While we were on vacation tragic wildfires swept the iconic Hawaiian island of Maui. And were promptly fanned into the usual global crisis by the usual suspects. None of whom, you’ll notice, predicted these fires ahead of time, any more than they did the Canadian ones that were very trendy a month ago. (Or those in Greece that they also pounced on while ignoring other considerations including… arson.) It doesn’t count that they predict fire everywhere then point to the places that actually burn, since they cannot explain why most of the United States is experiencing a quiet fire season, or why the overall planetary wildfire trend is downward and has been for decades. Nor can anyone blame CO2 for the government warning sirens evidently not being activated as the flames approached the town of Lahaina, or the water authorities delaying permission to divert stream water to refill reservoirs until after the fires were out of control. Or the chief of the Maui Emergency Management Agency abruptly resigning for “health reasons”.
The fire has been serious. But to say it’s the worst loss of life “ever” falls into a series of traps including that we have, of course, no idea how many people died in fires in Hawaii prior to European contact. (The governor called it probably the largest natural disaster in Hawaii’s state history, which only dates back to 1959, so never mind the 1946 tsunami.) And that Hawaii, though the eighth-smallest U.S. state geographically, is thirteenth in population density. So there are a lot of people, as well as buildings, potentially affected if fire sweeps through a place like Maui.
Which isn’t to say that people won’t try to blame everything on CO2. The Economist started off sensibly, explaining that Lahaina, former capital of the Hawaiian kingdom, is in an unusually dry part of Maui and had been drier than usual, while “land-use change” was also crucial, with much abandonment of local farmland in recent decades leading to prolific growth of grasses and shrubs, including some invasives, and “the abandonment of land previously used for farming or raising livestock typically sees the fuel load on that land increase in a way that permits much more intense fires” as “has been a key factor in recent deadly fires in both America and the Mediterranean” too. And then high winds came along.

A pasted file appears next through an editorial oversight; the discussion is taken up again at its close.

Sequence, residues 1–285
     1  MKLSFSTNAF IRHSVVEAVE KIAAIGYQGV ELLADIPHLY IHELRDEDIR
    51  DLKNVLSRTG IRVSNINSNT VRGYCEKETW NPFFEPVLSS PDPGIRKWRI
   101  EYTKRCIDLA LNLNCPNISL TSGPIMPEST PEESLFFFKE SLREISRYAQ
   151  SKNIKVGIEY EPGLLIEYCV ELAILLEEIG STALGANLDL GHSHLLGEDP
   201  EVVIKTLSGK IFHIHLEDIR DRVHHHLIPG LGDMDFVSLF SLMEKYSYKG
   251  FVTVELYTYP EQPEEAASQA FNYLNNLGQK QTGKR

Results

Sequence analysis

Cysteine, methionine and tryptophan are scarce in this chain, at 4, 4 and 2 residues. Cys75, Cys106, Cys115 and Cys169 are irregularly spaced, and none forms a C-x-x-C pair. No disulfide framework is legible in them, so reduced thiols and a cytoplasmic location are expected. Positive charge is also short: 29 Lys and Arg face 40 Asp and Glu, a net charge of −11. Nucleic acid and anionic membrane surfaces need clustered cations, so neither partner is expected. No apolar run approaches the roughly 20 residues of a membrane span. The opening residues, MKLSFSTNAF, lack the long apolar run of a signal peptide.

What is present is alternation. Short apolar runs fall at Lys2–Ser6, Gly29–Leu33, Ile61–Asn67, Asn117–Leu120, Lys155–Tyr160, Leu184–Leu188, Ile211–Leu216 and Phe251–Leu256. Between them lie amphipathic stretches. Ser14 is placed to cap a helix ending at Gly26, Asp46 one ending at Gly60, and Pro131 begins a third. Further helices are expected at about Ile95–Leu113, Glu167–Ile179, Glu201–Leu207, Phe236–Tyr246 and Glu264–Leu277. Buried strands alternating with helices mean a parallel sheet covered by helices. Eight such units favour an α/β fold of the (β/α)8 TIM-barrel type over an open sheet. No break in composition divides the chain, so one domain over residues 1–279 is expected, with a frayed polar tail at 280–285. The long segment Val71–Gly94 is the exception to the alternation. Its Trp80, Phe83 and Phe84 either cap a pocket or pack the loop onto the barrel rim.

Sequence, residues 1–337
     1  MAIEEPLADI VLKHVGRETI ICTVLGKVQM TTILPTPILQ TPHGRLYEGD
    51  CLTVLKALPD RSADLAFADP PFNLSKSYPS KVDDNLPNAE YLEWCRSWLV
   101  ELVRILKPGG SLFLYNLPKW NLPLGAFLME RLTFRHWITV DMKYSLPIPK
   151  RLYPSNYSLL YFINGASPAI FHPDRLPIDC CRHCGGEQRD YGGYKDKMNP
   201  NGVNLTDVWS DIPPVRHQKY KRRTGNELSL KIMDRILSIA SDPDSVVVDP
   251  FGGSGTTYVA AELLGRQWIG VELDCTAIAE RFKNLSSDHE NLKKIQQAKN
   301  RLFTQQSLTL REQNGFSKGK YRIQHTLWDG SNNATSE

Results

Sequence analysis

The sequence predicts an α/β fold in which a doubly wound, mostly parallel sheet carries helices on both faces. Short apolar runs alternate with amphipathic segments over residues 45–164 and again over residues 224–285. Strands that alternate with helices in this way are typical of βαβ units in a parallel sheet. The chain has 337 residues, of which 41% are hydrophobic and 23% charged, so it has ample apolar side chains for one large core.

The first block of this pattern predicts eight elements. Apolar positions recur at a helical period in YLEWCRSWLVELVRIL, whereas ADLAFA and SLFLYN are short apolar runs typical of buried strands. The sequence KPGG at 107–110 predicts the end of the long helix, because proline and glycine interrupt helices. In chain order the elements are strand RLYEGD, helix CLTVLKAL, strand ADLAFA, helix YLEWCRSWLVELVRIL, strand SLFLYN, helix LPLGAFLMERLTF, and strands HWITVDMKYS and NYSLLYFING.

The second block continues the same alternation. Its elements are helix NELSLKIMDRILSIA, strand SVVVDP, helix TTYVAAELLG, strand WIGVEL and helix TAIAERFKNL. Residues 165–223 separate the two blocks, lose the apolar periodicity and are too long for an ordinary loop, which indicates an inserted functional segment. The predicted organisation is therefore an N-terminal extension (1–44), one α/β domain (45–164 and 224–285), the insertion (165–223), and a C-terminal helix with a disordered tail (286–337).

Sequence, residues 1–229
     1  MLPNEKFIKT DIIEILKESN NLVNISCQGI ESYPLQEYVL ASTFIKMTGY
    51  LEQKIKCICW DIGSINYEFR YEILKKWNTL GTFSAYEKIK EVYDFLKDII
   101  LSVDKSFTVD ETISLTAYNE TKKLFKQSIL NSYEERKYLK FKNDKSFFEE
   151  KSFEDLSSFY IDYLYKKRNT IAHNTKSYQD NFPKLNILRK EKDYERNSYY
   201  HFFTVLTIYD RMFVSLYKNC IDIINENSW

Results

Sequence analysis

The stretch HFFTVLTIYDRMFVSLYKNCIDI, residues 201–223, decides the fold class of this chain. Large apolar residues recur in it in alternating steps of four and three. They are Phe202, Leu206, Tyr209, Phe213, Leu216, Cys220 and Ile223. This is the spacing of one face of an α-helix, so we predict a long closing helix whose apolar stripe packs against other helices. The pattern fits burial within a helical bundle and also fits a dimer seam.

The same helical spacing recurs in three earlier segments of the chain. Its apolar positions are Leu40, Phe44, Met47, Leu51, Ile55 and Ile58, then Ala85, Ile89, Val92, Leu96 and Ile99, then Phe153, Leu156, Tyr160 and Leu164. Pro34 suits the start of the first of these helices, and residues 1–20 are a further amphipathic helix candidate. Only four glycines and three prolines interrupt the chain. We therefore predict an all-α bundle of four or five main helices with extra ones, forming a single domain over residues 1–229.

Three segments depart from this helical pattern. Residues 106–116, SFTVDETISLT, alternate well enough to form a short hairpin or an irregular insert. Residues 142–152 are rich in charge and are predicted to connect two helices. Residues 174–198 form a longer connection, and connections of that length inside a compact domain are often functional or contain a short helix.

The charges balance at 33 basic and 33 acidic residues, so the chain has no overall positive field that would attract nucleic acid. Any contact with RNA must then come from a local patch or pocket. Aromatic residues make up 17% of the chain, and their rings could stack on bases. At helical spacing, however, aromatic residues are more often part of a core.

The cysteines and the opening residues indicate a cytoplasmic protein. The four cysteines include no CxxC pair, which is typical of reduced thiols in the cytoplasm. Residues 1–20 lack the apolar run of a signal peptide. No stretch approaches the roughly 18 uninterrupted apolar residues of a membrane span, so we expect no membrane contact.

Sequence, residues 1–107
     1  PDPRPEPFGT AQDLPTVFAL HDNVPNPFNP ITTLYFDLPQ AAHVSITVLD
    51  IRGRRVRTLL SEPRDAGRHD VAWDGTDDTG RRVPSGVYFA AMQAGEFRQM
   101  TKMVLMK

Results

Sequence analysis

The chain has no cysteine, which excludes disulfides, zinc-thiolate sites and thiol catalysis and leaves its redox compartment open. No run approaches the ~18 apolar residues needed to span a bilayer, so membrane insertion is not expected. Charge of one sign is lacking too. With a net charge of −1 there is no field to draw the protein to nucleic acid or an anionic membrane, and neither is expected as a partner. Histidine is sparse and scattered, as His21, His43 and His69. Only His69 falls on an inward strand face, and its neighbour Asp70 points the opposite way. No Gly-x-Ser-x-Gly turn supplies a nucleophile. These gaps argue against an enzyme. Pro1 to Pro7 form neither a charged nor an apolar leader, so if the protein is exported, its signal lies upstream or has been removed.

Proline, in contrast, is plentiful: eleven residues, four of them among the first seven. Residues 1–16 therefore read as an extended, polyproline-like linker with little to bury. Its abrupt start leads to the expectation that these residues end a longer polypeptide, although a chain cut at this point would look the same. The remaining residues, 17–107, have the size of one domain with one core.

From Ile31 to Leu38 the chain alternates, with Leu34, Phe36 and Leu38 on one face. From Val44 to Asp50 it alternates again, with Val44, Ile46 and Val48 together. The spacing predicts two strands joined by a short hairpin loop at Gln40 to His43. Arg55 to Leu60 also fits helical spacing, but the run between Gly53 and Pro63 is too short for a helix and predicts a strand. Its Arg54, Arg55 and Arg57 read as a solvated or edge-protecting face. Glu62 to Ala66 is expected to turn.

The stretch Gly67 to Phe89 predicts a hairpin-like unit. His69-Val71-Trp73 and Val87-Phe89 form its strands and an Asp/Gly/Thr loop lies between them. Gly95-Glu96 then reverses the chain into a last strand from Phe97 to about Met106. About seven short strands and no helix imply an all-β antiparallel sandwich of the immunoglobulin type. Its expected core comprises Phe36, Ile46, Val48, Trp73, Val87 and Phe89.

Climate change is increasingly the last refuge of scoundrels in authority who bungled their duties. For instance that business with the sirens. Also there were complaints that residents trying to flee the inferno were obstructed by Hawaiian Electric trucks working on power lines. And the thing where Lahaina’s fire hydrants ran dry. But the main thing is the failure to foresee, and react to, a situation that was very obviously brewing for reasons unrelated to climate, including the bit where dry grass accumulates, especially on abandoned agricultural land, if nobody does something about it. For instance the public authorities charged with managing such things, who also failed to manage fuel loads in Australia, Canada and so forth then said global warming did it.
“The origin of this disaster is now becoming clear: massive amounts of dry, dead fuel (mainly grass), strong downslope winds produced by strong trades interacting with local mountains, and human ignition, most probably from powerlines.”
As he also noted, “There has been a lot of talk in the media about drought and even "flash drought" driven by climate change”. But what produced this bumper crop of dry grass was actually an especially wet winter.